I didn't coin this one. I give Ralph Smith of the Annie E. Casey Foundation credit for that, and it seems this blogger agrees. Smith used the term in a Nonprofit Quarterly article by Rick Cohen - here's the quote:
"Foundation philanthropy is increasingly sector agnostic. Many of us believe that foundation philanthropy is at its best when its resources are directed toward pursuing, finding, testing, demonstrating, and promoting solutions for the most pervasive and urgent social problems. In other words, foundation philanthropy is in the solutions business and can succeed only if and to the extent it is willing to pursue solutions wherever it finds them, regardless of whether they are in the public, private, or social sector. As a consequence, the assumed exclusive relationship between foundations and nonprofits has become much less so. Foundations are going to support and invest with a much wider range of partners than in the past."I had written about the term in a post on the changing roles of nonprofits. That post generated lots of discussion - mostly about the term "sector agnostic" and its relevance (or lack thereof) to the work being done by readers and followers.
I've done a lot of writing about the emergence of new corporate forms for the production of social good and about impact investing. I've thought quite a bit about the "changing ecosystem of change" - new enterprises, new types of funders, new relationships. My latest book, Philanthropy and Social Investing: Blueprint 2010, provides an annual industry forecast and describes this landscape in detail. It argues strongly for how much these code-level changes matter to philanthropy.
While these changes have been brewing for many years, the response to the term "sector agnostic" was strong enough, broad enough, and deep enough to convince me that it deserves buzzword status.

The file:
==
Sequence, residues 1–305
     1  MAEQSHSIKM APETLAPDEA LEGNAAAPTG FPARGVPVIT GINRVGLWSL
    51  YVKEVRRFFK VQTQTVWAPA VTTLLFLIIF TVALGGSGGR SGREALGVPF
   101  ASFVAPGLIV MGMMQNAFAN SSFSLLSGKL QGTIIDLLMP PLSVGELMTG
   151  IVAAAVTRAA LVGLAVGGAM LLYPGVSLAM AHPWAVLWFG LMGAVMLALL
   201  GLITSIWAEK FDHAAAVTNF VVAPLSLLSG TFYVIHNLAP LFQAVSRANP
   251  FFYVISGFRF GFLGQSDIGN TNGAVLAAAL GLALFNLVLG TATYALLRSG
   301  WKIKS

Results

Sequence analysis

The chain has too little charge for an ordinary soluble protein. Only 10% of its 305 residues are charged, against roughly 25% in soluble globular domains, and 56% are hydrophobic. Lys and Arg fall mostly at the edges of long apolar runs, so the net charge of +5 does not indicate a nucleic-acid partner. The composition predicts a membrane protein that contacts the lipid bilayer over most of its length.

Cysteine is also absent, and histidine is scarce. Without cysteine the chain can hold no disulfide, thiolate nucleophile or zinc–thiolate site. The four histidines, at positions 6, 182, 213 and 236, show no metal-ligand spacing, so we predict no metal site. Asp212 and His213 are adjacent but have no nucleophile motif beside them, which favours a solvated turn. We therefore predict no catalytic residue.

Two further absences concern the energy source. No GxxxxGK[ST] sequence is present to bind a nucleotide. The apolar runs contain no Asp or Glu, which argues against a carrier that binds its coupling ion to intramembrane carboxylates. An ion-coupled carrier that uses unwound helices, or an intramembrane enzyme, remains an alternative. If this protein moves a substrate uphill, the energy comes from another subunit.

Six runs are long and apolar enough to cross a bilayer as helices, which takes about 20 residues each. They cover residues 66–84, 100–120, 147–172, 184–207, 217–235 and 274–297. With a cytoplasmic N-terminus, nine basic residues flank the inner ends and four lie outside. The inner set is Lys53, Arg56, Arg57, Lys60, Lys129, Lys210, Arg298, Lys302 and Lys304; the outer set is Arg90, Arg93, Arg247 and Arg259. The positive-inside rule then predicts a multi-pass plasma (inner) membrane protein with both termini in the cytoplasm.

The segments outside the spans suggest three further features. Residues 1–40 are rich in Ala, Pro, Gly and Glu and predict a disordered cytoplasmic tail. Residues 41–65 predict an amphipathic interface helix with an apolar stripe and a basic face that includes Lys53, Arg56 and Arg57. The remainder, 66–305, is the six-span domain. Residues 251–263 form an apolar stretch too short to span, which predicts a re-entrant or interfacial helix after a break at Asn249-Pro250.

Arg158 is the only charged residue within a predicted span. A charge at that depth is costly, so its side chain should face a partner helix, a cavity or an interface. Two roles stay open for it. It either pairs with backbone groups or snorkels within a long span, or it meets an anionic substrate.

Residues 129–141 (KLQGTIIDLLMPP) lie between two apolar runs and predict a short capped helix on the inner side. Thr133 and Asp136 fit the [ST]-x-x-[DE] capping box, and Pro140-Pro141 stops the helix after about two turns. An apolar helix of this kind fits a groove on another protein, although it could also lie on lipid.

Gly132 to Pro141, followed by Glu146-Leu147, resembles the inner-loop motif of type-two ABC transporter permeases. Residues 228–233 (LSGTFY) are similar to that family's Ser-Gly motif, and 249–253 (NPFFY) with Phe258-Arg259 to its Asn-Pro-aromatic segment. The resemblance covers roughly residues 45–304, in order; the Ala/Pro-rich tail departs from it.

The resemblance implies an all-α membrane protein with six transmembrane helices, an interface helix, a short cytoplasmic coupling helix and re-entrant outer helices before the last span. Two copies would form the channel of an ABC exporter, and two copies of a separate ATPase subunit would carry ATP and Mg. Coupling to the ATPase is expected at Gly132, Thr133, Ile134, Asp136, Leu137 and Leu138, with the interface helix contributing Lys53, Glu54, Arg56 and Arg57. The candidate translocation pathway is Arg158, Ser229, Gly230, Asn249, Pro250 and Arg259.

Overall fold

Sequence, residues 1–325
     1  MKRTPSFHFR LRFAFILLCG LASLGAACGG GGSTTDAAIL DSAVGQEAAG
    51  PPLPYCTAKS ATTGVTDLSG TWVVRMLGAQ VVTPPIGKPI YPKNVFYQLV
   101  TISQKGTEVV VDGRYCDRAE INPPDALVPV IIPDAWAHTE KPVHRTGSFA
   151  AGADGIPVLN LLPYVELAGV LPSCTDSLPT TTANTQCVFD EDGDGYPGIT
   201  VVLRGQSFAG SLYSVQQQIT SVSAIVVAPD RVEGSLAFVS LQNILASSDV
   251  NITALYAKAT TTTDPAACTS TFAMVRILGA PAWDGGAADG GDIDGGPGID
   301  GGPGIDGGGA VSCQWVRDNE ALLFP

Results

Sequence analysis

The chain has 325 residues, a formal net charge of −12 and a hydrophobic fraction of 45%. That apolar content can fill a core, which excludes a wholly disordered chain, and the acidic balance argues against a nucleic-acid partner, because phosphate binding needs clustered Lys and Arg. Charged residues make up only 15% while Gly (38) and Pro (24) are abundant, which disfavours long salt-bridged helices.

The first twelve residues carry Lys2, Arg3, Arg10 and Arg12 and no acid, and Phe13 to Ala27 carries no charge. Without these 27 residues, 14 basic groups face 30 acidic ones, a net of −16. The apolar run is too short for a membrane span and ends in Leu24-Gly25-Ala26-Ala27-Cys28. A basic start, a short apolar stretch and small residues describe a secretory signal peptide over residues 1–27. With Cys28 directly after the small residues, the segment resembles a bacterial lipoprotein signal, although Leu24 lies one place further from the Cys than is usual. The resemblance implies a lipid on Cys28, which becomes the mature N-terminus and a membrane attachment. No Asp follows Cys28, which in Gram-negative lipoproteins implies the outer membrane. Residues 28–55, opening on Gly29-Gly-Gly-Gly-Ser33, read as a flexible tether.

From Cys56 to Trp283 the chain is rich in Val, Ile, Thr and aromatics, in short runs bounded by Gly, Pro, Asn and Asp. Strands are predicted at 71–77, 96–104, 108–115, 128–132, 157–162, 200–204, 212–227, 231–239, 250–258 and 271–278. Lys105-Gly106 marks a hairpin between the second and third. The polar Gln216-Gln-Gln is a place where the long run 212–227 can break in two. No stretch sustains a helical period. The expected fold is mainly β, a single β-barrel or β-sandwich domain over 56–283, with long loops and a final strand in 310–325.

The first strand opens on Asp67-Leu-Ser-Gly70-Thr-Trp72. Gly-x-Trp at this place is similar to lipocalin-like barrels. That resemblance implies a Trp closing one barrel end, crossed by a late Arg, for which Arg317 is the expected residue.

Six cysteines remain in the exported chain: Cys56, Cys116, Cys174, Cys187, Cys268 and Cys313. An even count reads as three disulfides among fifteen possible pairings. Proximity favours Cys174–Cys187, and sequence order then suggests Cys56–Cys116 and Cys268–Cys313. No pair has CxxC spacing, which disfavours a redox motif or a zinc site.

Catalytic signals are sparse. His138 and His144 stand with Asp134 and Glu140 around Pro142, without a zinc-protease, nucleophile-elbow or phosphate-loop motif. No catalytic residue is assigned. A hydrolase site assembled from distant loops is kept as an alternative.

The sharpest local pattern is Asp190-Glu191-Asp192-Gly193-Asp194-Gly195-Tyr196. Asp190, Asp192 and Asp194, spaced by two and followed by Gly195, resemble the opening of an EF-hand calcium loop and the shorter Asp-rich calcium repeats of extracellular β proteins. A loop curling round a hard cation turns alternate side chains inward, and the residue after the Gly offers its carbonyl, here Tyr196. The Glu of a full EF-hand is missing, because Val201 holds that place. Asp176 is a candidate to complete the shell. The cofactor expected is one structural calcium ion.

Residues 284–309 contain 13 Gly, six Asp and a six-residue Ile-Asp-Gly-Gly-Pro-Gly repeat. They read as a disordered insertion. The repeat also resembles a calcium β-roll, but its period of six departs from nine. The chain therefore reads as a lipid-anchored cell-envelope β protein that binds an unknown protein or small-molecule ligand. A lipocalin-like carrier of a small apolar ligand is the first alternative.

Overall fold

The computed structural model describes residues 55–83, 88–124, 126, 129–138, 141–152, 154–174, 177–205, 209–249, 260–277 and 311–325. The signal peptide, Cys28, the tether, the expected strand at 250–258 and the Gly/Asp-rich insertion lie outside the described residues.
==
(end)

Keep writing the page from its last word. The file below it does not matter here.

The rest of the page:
I have to say I knew I was on to something about the importance of these "B corporation, L3C, Impact Investing stuff" when a colleague emailed me this link - Rush Limbaugh blasting L3Cs as the "perversion of capitalism." If imitation is the greatest form of flattery, then getting "Rush ranted" must be the clearest sign that something has gone mainstream.
Lucy: Although I sent you the link, I didn't do that article in the NPQ special issue on the nonprofit infrastructure. Ralph Smith's comment came in an interview with NPQ editor-in-chief Ruth McCambridge. But these are important issues about the changing ecology of the nonprofit sector. As you pointed out in your previous column on this topic, the nonprofit sector hasn't been addressing these changes in the "cultural zeitgeist." I think, as we're discussed, the ramifications are potentially quite broad. As in most issues of "systems," the unintended consequences may be even more significant than the intended ones. Keep up the good analysis.
I really liked your riff on the sector agnostic concept…which (IMHO) I view as just a transitional framework until people move their thinking to focus on total value creation and ultimate intent as opposed to the defense of silos/sectors.
In in the end, form still follows function; it is simply all about picking from a set of options to best maximize the effectiveness of resources/tools needed to capture the total value potential of one’s vision…
It isn’t so much that people are actually “agnostic” as that coming from a previously narrowly defined orthodoxy they are now more fully aware of all the options, which calls into question their previous, formal orthodoxy. Ralph, in this case, comes out of philanthropy and so it appears to him that he is now “agnostic” since he has all these silos to choose from now and not any single one he is fully committed to, but he really is not agnostic at all—he actually believes in maximizing impact (the solutions part of his statement)the newly emerging, now popular orthodoxy—which for me is an intermediary framework moving toward one’s embracing the ultimate, holistic orthodoxy of value maximization and more complete integration as the purpose/intent of capital, institutions and personal trajectories….
In the end, we’re all dead and no one on the other side will ask whether we were a good philanthropist or investor; nonprofit manager or business executive—
they will ask what value we created over the course of our having lived…
I wrote a post on sector agnosticism in May 2009 (http://bit.ly/bb1Xey). Don't know when the Nonprofit Quarterly article appeared. I also don't remember having heard that exact term, but the concept was in the air long before that. In the early spring of 2009, Patrick Corvington (then at Casey) and I were working with folks from CompassPoint on the "Ready to Lead" report. That study revealed significant sector agnosticism amongst younger people entering the field. Ralph may have caught the meme from his co-worker Patrick.
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